Report urges better transportation links to Great Bear Rainforest

Gribbell Island in Great Bear Rainforest, British Columbia.
Gribbell Island in Great Bear Rainforest, British Columbia. THE CANADIAN PRESS IMAGES/Paul Wright

VICTORIA – First Nations and tourism operators say better transportation links are needed for people to experience the Great Bear Rainforest, described by the province as B.C.’s gift to the world.

A report released Tuesday from aboriginal groups, businesses and communities in the central-coast region concludes transportation challenges in the area are hurting tourism opportunities at a time when First Nations tourism potential is exploding in other parts of B.C.

“You have an iconic destination with the Great Bear Rainforest,” said Keith Henry, chairman of the Aboriginal Tourism Association of British Columbia. “We’ve got communities who want to share their cultures, but the question is how do we really take advantage of visitors from across Canada, the United States and the world.”

READ MORE: B.C. introduces rainforest protection law

The provincial government introduced legislation this month that protects 85 per cent of the world’s largest intact temperate rainforest from logging.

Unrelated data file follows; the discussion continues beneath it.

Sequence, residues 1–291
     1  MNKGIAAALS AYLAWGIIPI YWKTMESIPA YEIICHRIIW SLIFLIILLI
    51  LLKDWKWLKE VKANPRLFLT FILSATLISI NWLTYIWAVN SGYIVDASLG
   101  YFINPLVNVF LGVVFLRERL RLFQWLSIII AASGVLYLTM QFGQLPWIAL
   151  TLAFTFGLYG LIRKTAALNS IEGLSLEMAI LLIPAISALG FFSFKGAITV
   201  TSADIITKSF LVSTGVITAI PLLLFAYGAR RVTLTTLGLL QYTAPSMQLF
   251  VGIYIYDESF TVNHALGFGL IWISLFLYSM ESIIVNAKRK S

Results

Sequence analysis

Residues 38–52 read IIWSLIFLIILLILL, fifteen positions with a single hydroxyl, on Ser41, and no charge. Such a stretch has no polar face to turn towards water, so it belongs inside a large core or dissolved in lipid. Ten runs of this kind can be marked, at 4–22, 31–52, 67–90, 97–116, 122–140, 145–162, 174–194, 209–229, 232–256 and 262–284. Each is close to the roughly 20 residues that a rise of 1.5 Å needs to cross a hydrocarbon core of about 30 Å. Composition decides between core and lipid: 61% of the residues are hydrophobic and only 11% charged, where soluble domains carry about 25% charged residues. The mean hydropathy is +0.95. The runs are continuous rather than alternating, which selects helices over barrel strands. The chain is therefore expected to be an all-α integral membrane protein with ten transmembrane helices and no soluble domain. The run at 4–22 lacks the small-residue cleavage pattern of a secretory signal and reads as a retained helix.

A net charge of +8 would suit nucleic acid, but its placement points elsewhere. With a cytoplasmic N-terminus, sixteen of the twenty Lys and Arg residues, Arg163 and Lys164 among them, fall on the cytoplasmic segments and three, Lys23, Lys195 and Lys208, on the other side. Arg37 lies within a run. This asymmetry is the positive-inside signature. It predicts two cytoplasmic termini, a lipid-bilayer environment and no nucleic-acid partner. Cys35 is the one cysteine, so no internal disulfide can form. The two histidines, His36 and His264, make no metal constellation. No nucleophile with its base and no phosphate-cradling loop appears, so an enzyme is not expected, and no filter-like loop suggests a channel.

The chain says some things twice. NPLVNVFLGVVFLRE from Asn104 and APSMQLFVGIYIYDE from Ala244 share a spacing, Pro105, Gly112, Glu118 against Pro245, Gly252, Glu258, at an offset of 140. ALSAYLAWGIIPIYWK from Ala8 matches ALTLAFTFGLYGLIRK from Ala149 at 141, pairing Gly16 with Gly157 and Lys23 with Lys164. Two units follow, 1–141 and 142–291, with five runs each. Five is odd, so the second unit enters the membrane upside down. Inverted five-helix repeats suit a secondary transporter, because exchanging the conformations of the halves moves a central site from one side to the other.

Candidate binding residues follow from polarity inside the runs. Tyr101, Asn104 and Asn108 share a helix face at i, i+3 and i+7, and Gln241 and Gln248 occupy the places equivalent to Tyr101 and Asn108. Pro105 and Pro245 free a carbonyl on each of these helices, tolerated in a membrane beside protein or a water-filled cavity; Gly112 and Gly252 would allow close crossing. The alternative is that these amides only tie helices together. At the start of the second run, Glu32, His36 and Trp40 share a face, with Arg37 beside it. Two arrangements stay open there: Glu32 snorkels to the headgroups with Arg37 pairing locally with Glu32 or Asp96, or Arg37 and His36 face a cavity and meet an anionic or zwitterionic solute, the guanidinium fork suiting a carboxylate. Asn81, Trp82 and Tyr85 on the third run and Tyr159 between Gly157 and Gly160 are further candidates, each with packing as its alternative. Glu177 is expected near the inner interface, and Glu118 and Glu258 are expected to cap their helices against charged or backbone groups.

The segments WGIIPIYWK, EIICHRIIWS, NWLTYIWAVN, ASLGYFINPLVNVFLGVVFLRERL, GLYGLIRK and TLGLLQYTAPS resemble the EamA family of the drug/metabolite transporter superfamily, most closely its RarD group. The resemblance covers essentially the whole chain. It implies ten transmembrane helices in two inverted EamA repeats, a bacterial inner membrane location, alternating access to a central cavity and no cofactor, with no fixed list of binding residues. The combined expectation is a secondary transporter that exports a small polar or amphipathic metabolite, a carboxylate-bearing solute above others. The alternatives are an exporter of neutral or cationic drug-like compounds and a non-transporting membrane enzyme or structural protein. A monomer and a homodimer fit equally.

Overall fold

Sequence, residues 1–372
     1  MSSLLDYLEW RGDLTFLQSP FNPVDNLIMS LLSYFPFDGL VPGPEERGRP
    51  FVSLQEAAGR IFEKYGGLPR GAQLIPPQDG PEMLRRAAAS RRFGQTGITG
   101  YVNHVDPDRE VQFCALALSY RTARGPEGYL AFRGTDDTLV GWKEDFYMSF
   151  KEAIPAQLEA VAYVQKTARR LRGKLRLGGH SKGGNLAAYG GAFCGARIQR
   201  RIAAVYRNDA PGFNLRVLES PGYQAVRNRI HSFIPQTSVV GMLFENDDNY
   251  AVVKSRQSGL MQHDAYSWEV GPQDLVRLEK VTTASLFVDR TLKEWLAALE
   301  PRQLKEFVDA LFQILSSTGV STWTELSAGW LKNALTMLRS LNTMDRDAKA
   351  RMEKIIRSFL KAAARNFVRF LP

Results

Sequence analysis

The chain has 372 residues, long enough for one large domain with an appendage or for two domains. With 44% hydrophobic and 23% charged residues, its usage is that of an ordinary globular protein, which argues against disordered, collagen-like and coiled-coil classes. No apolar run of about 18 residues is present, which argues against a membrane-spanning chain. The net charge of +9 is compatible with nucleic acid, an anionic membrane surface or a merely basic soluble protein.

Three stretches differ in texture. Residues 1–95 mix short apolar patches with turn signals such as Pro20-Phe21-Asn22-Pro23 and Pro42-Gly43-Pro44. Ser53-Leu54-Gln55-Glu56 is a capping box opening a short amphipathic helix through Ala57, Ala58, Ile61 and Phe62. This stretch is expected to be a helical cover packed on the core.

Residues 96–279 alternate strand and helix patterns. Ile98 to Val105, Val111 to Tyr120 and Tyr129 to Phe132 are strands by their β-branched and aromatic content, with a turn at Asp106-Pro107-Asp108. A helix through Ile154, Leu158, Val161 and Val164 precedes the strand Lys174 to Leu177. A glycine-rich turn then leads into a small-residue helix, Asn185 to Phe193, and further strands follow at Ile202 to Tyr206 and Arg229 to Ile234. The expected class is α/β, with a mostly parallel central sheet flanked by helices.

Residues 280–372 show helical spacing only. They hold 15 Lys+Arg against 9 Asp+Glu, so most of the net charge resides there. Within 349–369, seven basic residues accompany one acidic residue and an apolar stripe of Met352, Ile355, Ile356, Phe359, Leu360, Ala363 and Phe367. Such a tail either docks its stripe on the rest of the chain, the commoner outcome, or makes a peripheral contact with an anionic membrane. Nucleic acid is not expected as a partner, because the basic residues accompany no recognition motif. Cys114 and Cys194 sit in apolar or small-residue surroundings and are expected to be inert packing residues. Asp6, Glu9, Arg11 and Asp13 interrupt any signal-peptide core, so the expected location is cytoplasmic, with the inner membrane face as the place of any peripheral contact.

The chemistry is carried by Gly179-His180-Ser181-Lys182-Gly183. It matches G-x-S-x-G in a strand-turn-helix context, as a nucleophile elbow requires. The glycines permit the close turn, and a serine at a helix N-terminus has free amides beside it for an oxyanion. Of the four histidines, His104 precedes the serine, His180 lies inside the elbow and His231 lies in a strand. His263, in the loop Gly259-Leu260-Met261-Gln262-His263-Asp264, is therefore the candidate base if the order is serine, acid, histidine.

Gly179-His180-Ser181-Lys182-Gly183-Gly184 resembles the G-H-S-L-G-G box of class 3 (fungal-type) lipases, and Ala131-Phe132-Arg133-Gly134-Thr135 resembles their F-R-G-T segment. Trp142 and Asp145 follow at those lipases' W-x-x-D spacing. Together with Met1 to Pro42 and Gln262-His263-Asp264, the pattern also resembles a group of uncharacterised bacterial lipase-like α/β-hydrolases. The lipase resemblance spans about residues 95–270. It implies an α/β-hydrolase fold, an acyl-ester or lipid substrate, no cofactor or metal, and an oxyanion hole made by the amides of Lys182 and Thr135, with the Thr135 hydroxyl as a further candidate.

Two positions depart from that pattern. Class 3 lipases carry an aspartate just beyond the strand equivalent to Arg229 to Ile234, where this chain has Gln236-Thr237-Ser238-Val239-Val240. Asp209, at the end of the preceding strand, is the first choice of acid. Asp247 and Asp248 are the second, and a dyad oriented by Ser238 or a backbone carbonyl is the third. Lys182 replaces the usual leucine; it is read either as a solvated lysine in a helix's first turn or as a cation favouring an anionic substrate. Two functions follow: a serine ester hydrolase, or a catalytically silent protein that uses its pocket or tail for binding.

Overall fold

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Henry said a ferry working group recently presented its transportation and tourism development report to B.C.’s transportation and jobs ministers and officials with BC Ferries. The report calls for increased ferry service to the area within two years if increased tourism demand is demonstrated.

High costs and fewer passengers prompted the Transportation Ministry to cut ferry service along the Port Hardy to Bella Coola service two years ago, despite the concerns of First Nations and tourism operators.

Heiltsuk Nation councillor Travis Hall said it’s now cheaper to fly to Hawaii from Vancouver than to the central coast community of Bella Bella, located on the doorstep of the Great Bear Rainforest.

The Heiltsuk have plans to develop Great Bear Rainforest tours and First Nations artist shows, but ferry service is limited to Fridays and Saturday only.

“It has one ferry sailing south on Friday evening and one ferry sailing north on Saturday evening,” said Hall. “They arrive at one in the morning and leave at two, so there’s really no possibility of even doing any tourism-type venues in that time period.”

BC Ferries has plans to introduce a new vehicle-passenger vessel in the area in 2019.